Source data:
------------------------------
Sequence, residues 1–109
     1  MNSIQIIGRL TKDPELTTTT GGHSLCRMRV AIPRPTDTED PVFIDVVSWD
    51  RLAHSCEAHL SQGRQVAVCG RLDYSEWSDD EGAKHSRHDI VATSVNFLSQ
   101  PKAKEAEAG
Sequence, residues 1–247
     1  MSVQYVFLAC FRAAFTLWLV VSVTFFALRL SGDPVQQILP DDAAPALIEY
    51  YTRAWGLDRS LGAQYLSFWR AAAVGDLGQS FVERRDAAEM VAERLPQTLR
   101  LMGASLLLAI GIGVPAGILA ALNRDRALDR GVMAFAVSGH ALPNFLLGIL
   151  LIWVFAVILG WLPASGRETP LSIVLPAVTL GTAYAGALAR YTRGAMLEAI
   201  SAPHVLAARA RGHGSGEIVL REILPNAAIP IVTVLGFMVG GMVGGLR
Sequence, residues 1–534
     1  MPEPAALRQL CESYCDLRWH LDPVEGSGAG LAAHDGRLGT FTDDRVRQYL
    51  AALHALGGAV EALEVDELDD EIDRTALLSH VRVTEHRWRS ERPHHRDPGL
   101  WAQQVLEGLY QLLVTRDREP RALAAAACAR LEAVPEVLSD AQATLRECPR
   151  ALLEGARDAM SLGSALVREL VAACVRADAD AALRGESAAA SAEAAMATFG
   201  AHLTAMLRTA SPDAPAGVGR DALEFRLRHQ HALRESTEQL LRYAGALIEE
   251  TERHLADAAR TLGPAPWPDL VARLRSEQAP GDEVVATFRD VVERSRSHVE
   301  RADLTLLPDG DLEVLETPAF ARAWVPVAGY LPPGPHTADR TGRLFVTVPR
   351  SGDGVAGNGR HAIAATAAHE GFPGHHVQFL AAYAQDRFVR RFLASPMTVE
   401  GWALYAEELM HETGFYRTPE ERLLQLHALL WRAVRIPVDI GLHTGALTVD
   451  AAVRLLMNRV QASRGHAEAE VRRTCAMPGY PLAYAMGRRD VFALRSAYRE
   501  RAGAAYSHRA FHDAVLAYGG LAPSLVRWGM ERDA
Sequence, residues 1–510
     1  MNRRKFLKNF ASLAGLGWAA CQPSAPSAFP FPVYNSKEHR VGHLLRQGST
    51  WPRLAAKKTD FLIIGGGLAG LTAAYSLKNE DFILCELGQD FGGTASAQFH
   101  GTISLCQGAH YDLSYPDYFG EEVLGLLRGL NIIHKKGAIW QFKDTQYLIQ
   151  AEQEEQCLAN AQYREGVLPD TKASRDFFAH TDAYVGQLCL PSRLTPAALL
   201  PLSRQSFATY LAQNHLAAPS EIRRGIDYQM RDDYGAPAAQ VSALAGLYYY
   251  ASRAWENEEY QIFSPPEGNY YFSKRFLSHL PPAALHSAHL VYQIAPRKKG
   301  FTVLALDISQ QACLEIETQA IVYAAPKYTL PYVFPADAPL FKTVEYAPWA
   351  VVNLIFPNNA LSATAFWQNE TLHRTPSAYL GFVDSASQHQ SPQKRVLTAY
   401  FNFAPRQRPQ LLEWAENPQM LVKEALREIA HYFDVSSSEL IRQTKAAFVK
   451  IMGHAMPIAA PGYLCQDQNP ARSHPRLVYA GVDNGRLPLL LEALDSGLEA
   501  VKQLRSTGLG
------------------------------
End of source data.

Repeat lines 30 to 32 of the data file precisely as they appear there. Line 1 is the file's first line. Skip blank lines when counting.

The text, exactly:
   301  FTVLALDISQ QACLEIETQA IVYAAPKYTL PYVFPADAPL FKTVEYAPWA
   351  VVNLIFPNNA LSATAFWQNE TLHRTPSAYL GFVDSASQHQ SPQKRVLTAY
   401  FNFAPRQRPQ LLEWAENPQM LVKEALREIA HYFDVSSSEL IRQTKAAFVK